Volume 48, Issue 2 (March 2003)
Postmortem Oxycodone and Hydrocodone Blood Concentrations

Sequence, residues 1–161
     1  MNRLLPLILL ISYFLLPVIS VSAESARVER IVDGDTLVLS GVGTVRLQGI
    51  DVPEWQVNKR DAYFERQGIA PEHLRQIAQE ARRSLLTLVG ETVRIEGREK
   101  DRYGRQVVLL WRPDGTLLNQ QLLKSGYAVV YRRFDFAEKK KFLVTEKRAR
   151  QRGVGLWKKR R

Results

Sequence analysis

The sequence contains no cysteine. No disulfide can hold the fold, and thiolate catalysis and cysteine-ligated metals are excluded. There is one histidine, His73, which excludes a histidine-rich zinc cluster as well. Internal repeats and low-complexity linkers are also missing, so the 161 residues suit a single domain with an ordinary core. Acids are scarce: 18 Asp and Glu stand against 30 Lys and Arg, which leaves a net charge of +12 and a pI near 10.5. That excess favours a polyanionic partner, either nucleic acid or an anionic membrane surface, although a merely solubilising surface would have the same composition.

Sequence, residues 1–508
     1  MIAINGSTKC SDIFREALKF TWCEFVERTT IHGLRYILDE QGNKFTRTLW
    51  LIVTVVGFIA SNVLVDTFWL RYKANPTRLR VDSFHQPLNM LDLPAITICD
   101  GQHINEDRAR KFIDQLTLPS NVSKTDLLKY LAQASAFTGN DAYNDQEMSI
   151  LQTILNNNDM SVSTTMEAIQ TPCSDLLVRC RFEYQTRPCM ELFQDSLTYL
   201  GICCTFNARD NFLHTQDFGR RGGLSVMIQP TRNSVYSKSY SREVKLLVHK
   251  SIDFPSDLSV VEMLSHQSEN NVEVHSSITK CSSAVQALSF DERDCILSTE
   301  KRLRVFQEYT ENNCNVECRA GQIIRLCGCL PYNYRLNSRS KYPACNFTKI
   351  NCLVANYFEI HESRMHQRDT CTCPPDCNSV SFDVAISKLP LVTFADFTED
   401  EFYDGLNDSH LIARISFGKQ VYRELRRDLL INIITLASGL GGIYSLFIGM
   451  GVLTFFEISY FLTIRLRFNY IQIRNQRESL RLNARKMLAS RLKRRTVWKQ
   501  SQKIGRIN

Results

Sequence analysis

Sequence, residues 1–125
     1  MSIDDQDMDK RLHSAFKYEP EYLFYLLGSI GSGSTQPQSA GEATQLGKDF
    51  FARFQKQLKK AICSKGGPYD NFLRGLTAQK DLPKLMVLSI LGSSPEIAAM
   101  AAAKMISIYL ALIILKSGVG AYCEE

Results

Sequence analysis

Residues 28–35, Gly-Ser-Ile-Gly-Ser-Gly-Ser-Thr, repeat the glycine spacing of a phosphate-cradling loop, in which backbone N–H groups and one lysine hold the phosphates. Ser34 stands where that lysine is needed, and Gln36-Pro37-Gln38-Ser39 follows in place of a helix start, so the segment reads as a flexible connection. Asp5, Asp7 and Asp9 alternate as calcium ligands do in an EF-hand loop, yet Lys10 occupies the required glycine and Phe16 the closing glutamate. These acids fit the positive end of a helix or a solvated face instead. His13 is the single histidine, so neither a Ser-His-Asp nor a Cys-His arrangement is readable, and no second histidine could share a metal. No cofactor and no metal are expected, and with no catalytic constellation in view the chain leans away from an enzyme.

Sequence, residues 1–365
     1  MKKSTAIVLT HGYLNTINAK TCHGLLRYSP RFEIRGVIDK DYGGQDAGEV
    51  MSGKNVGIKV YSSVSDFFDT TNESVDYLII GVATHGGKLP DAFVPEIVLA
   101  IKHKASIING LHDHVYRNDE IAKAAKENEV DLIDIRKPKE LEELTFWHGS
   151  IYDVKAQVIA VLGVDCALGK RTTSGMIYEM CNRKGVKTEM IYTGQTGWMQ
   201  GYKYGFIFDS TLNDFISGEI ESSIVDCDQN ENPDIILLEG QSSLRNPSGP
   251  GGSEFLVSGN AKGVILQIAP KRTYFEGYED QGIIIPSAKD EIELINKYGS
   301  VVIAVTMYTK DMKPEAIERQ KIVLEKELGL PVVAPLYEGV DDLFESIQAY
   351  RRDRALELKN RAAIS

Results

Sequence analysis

There is limited data on postmortem oxycodone concentrations, consisting of three published reports with a total of 11 cases, many of which were polypharmacy cases. This report presents the results of a review of autopsy and coroner's reports from 10 counties for the years 2000 and 2001 to locate cases with oxycodone or hydrocodone exposure as a leading cause of death. Eighty-eight cases were located. Twenty-four deaths were attributed to oxycodone alone. Mean and median postmortem oxycodone blood concentrations were 1.23 mg/L and 0.43 mg/L, respectively. The range was 0.12 to 8.0 mg/L, with 13 cases (54%) ⩽0.5/L. Seventeen deaths were attributed to hydrocodone alone. Mean and median postmortem hydrocodone blood concentrations were 0.53 mg/L and 0.40 mg/L, respectively. The range was 0.12 to 1.6 mg/L, with 11 cases (65%) ⩽0.5/L. There were seven cases where the cause of death was attributed to the effects of a combination of hydrocodone and oxycodone. Mean oxycodone and hydrocodone blood concentrations were 0.34 mg/L and 0.14 mg/L, respectively. Forty cases involved polysubstance overdoses with significant involvement of other drugs and ethanol. Mean oxycodone and hydrocodone blood concentrations were 0.18 mg/L and 0.29 mg/L, respectively. The list of other substances involved was extensive but included ethanol, amitriptyline, methadone, codeine, propoxyphene, and acetaminophen. The findings of this study report oxycodone values associated with a fatality at blood concentrations lower than previously reported. This may represent enhanced information because of the larger sample group. Hydrocodone values associated with a fatality were similar to previously published values.